Where we are going is clearly a function of the economic politics of the Bush Administration and the Clinton Administration. It's my opinion that both parties can do right and both can do wrong and they do frequently.
Our bias is we are not Keynesian. We don't believe unbridled spending will save us.
We are at our lowest productivity since 1947. It's moving up. This is good news.
We are looking at a long, slow recovery. It's going to be a long, rocky bottom. We don't feel that upside momentum for a long time.
I think most of known recessions are normal. We've gotten to a risk-free society. Recessions are as normal as breathing. If we can see recessions coming, we can prepare for them. There is a next time.
90% of people can actually take numbers, compute a rate of change and find leading indicators. They can find the direction their business will be heading.
Unemployment rate today is brushing up against 10% Unemployment will be high for many months to come. Don't worry about it. It lags the economy. It is normal for it to be high in this situation. You are going to find more people losing their jobs this Christmas season. You're going to find businesses closing and more people out of work. This is normal. It is the last gasp.
Do not use unemployment as an economic indicator. It is like driving by looking in the rear view mirror.
The policies put in place for the last 1 1/2 years have dulled the economic power of the U.S. This means we will not see economic growth until sometime after 2012. Until that point, we'll be in a recovery.
The credit crunch will begin to dissipate in Summer 2010. It will have lasting impact. Businesses will find bankers will not be interested in loaning them money. Businesses will find bankers will not be interested in loaning based on property as collateral. They already own so much property they don't know what to do with it. They'll be looking for other assets. Cash is good. It's like the old adage: if you don't need the money, you can get some.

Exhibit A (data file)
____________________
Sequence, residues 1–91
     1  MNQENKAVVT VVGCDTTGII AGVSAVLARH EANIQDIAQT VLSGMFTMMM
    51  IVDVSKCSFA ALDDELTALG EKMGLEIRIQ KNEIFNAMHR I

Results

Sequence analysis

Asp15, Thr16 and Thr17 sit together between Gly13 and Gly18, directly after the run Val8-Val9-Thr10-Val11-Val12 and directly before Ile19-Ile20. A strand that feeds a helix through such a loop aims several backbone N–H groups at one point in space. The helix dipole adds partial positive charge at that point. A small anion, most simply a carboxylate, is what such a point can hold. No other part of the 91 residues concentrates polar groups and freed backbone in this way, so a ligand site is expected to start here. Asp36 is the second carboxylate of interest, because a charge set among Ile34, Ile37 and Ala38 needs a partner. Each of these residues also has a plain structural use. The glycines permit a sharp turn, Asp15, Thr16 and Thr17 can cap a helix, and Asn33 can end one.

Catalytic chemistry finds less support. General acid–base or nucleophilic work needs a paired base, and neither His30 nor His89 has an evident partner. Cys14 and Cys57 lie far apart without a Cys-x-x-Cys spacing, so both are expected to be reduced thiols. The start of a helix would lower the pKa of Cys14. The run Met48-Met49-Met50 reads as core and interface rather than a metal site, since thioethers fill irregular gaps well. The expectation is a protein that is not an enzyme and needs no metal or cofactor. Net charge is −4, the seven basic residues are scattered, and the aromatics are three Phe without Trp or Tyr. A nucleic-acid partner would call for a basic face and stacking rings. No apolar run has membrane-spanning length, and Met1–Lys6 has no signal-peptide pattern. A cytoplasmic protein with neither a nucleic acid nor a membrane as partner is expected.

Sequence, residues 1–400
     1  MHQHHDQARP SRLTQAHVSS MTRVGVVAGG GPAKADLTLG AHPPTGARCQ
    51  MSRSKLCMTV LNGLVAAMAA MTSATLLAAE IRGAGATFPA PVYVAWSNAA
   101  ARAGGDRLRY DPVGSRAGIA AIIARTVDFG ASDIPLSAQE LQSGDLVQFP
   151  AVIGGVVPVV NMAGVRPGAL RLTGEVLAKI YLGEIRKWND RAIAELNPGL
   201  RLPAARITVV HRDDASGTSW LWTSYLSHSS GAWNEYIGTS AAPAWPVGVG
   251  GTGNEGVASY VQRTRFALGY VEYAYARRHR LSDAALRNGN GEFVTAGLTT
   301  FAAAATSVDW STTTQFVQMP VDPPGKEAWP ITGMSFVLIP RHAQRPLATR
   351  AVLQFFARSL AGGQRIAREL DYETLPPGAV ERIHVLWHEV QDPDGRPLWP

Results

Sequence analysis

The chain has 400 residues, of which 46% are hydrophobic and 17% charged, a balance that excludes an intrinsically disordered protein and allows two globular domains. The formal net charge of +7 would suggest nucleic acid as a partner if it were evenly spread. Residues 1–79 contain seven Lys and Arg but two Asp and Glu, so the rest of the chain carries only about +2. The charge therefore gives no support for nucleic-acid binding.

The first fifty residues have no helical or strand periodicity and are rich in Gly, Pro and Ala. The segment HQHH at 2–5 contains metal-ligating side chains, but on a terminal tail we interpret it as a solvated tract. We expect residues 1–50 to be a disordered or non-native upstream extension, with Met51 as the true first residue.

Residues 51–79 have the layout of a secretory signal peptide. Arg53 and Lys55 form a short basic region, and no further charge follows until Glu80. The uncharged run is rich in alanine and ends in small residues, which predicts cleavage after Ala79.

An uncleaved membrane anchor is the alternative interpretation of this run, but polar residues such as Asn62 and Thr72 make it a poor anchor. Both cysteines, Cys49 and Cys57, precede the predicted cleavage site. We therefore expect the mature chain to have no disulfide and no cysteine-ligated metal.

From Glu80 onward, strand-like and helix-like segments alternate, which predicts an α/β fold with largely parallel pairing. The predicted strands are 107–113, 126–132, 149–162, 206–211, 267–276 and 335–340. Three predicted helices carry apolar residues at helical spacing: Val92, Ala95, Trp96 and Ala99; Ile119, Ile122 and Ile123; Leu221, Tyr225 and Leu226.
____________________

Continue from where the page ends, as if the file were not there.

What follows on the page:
There are two types of banks in the this world: poor banks and rich banks. Which do we want? Rich banks because they lend money to people.
We are looking at inflation. Increase the money supply and inflation follows. Everyone knows this. Every undergraduate economics student in the country knows this. Everyone knows this except the government which says it isn't going to happen.
Inflation in 2011 will take away our purchasing power and the purchasing power of the people who work for us. That's why I don't think there will be a lot of growth in spending in 2012 and 2013.
There will be increased demand for oil around the world in 2010 and more in 2011. Demand in 2011 will be much strong and in conjunction with the dollar being weaker, I would expect to see oil substantially higher in 2011 and by substantially, I mean over $120 per barrel.
Three things to do:
1. Hedge vs. inflation. Buy ahead. Lock in long-term services you can by mid-2010. Accountants, lawyers, leases. You'll look like a genius. Buy assets that will help you deal with inflation: systems, computer systems, training, whatever helps you become more efficient because increasing efficiency is a hedge against inflation.
2. Look at commercial property. Commercial property is going to crater next year. You want to take advantage of that. You'll have an asset that will be inflation adjusted over time. With long inflation, you'll see an increase in value.
3. Buy residential property. You don't get a better deal than this in your life — or, at least, the next 20-35 years. Buy it to use or to rent out. If you want to make real wealth for yourself, buy in Florida, Arizona, not in California, not in Michigan. Buy it where you live if prices are beginning to stabilize. Ask yourself: will demographics help me? If you live in Texas, demographics will help you. Taxes, weather, guns — they all work for you. California will come back. It's just not time yet. California is still struggling. More businesses will leave the state and people will sell their houses. Ft. Myers is the foreclosure capital of the world. There are some great deals there.